Meanwhile, a Halesowen-based charity, the Intouch Global Foundation, has agreed to support the ‘gorilla gardening’ project, and primary schools in Dudley, Bristol and Leeds have also come on board. It is great so see the next generation getting involved in this growing initiative.
Bwindi coffee is available as whole arabica beans in dark or medium roast. We’re selling the 500g bags for £18 each, comparable with local roasters.
For more on the work of Bwindi Conservation for Generations Foundation, visit bwindi.org.
As many of you know,Loaf beganin Tom and Jane Baker’s kitchen on Dell Road in 2009. They baked bread for the neighbours and taught the first breadmaking classes before moving into our high street bakery in 2012.
In 2016 Tom and Jane took parental leave which turned into a sabbatical as they travelled Europe’s bakeries and wheat farms looking for their next adventure. This led them to Machynlleth in Wales where they set upRye and Roses.
We’re often asked after Jane and Tom so we asked them to send us an update. Over to you, Bakers!
It’s so lovely to be sharing our news with you.
A lot has happened since 2009 when we founded Loaf in our house in Cotteridge. In 2018, we moved to mid-Wales to start a new adventure together with our son Reuben, surrounded by stunning countryside. After going travelling for eight months, we dreamt of having our own sourdough bakery and micro-homestead. And we’ve done just that.
Our new business, Rye and Roses (Rhyg a Rhosod in Welsh) is now thriving, supported by a fantastic community of customers, friends and neighbours. Tom specialises in baking sourdough bread and pastries. Jane grows ingredients for our bread, pastries and wood-fired pizzas.
We’re also lucky enough to be growing our own heritage wheat with friends, with the help of local farmers and Meirionnydd Vintage Club — old boys and their tractors. Wheat hasn’t been grown in this area for over 50 years. There’s enthusiasm for re-discovering old farming knowledge, and equipment and welcoming diverse farming back, one wheat field at a time.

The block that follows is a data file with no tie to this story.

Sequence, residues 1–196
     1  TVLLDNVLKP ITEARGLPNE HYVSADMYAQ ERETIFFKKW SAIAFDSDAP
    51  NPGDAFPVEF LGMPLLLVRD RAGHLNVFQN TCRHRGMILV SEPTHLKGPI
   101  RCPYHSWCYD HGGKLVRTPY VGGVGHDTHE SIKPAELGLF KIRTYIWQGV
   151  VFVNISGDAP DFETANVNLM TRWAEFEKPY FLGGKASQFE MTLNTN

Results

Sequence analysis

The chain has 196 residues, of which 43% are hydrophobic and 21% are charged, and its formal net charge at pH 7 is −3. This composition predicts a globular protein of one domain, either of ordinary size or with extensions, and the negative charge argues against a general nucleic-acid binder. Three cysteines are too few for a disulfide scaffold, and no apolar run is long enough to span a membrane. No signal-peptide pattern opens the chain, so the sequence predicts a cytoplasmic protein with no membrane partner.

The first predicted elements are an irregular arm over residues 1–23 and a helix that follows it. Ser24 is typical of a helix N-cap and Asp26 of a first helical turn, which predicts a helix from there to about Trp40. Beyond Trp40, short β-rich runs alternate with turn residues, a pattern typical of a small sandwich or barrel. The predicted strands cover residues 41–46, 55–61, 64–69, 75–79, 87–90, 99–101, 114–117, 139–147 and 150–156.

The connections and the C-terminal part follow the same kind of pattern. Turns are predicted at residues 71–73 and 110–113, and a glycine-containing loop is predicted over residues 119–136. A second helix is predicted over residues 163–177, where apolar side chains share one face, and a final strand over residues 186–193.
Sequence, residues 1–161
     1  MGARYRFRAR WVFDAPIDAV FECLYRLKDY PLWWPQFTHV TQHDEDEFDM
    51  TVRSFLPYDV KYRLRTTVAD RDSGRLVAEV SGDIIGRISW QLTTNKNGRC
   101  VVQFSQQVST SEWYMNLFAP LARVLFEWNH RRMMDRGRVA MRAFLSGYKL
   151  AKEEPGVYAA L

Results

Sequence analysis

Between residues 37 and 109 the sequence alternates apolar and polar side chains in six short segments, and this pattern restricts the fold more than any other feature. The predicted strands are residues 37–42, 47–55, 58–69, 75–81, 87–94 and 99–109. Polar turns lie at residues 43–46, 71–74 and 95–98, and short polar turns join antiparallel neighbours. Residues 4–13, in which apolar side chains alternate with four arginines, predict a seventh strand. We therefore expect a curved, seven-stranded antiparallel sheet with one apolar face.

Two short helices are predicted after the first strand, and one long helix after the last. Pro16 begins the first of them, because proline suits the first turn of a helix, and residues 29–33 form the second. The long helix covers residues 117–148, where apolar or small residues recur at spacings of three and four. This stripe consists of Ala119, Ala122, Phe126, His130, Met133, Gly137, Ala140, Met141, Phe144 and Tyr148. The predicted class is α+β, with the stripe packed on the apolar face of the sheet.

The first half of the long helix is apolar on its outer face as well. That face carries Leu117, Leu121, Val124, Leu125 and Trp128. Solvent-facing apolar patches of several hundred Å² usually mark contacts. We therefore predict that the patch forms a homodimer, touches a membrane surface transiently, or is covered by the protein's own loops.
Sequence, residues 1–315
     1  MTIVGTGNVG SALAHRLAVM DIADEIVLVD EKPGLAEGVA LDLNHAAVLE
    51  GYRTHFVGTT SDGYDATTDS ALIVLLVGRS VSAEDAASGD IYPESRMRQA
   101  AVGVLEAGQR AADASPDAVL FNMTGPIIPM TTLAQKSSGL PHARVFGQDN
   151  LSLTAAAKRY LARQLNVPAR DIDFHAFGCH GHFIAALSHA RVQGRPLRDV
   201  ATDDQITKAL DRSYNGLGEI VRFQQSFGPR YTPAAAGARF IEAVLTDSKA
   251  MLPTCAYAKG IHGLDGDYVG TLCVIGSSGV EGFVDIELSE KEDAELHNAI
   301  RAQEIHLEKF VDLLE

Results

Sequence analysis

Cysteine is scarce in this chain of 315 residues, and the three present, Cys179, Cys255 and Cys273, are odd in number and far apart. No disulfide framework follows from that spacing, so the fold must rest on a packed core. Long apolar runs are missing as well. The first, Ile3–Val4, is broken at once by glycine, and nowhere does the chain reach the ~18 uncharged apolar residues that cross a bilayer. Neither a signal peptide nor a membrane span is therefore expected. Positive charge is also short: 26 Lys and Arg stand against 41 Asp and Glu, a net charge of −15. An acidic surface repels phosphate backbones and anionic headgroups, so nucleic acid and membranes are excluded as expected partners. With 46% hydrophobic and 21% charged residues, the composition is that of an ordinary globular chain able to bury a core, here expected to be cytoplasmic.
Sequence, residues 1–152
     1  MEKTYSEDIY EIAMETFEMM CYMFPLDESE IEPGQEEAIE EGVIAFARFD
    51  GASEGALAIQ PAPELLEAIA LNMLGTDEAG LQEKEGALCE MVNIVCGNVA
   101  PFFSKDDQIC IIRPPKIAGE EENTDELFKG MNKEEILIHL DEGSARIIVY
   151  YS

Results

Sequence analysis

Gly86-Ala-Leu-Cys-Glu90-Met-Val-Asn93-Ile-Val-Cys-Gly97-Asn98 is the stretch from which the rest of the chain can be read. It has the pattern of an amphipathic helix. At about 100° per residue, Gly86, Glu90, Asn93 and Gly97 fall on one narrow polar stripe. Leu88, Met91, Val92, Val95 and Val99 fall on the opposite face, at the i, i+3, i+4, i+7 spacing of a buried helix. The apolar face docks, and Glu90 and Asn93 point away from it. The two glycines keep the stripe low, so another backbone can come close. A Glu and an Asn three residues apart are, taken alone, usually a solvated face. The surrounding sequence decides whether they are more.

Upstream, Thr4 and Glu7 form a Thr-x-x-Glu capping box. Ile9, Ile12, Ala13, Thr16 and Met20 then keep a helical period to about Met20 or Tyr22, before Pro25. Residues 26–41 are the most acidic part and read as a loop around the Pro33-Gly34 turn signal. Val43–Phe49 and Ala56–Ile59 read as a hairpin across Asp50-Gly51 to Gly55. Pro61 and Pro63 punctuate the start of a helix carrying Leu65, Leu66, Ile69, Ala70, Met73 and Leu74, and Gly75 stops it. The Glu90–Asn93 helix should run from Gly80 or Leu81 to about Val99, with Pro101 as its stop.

Mid-Wales also has a strong Welsh culture, so as a family we are also proud to be learning Welsh — including Reuben (aged 5) who is taught in Welsh at school.
Trains go direct from Birmingham New Street to Machynlleth, so if you’re ever visiting the area, please come and say hello. You’ll find us at the historic Machynlleth Market on Wednesdays, and at our bakery on Fridays in the nearby village of Penegoes. Plus, there are some great places to holiday here – mountains, hills and seaside.
We’ve been looking for more local honey suppliers for years and at the recent Birmingham Beekeepers show at Winterbourne we struck liquid gold with not one but two apiaries!
Arden Forest Honey is a family-run business in the ancient forest of Arden with 40 hives pollinating wild flowers and local farms. We’re starting with their standard Wildflower honey but hope to expand the range if there’s demand.
Rea Valley Apiary could not be more local. Started and based in a back garden on Cartland Road, the business manages small colonies across south Birmingham. The current batch we have on sale is from the Stirchley hives, so if you have a garden locally there’s probably pollen from your flowers in this honey.
Both of them should be able to supply us with decent quantities over the year so along with Gareth’s honey we should always have the sticky sweet stuff in stock. 🐝